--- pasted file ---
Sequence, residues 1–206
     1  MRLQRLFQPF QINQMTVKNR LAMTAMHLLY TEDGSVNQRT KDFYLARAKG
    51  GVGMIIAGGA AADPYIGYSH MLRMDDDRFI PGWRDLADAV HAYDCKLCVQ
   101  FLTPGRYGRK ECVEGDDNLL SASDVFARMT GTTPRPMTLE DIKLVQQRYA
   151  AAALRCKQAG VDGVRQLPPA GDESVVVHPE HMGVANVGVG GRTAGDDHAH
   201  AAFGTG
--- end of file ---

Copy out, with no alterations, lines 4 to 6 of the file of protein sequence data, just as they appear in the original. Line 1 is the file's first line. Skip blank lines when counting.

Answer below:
   101  FLTPGRYGRK ECVEGDDNLL SASDVFARMT GTTPRPMTLE DIKLVQQRYA
   151  AAALRCKQAG VDGVRQLPPA GDESVVVHPE HMGVANVGVG GRTAGDDHAH
   201  AAFGTG